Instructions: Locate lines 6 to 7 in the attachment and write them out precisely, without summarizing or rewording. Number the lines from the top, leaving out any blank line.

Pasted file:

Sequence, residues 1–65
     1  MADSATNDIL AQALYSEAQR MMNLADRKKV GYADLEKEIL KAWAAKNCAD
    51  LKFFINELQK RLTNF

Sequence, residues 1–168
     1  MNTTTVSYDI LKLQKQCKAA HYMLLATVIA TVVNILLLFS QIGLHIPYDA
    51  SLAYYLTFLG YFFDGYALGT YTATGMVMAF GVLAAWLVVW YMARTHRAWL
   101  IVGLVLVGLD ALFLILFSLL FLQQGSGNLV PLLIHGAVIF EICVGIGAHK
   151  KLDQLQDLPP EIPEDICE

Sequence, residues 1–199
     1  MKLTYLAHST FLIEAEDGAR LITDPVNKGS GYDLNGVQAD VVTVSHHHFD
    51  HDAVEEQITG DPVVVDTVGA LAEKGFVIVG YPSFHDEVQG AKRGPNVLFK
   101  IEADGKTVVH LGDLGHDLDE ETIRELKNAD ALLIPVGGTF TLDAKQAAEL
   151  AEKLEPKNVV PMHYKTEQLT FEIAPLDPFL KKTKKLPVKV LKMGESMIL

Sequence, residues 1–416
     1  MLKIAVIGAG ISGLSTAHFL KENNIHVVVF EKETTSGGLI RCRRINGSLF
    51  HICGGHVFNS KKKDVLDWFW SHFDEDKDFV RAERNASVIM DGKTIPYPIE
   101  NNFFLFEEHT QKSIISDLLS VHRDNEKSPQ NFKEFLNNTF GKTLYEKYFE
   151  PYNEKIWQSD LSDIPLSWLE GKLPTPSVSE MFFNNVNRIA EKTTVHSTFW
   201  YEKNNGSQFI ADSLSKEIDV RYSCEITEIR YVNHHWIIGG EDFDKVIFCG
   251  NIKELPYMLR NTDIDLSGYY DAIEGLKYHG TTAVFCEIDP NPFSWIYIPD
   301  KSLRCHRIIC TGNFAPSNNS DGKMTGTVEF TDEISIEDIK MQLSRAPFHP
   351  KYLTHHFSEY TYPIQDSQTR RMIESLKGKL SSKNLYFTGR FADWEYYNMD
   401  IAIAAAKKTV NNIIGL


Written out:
    51  SLAYYLTFLG YFFDGYALGT YTATGMVMAF GVLAAWLVVW YMARTHRAWL
   101  IVGLVLVGLD ALFLILFSLL FLQQGSGNLV PLLIHGAVIF EICVGIGAHK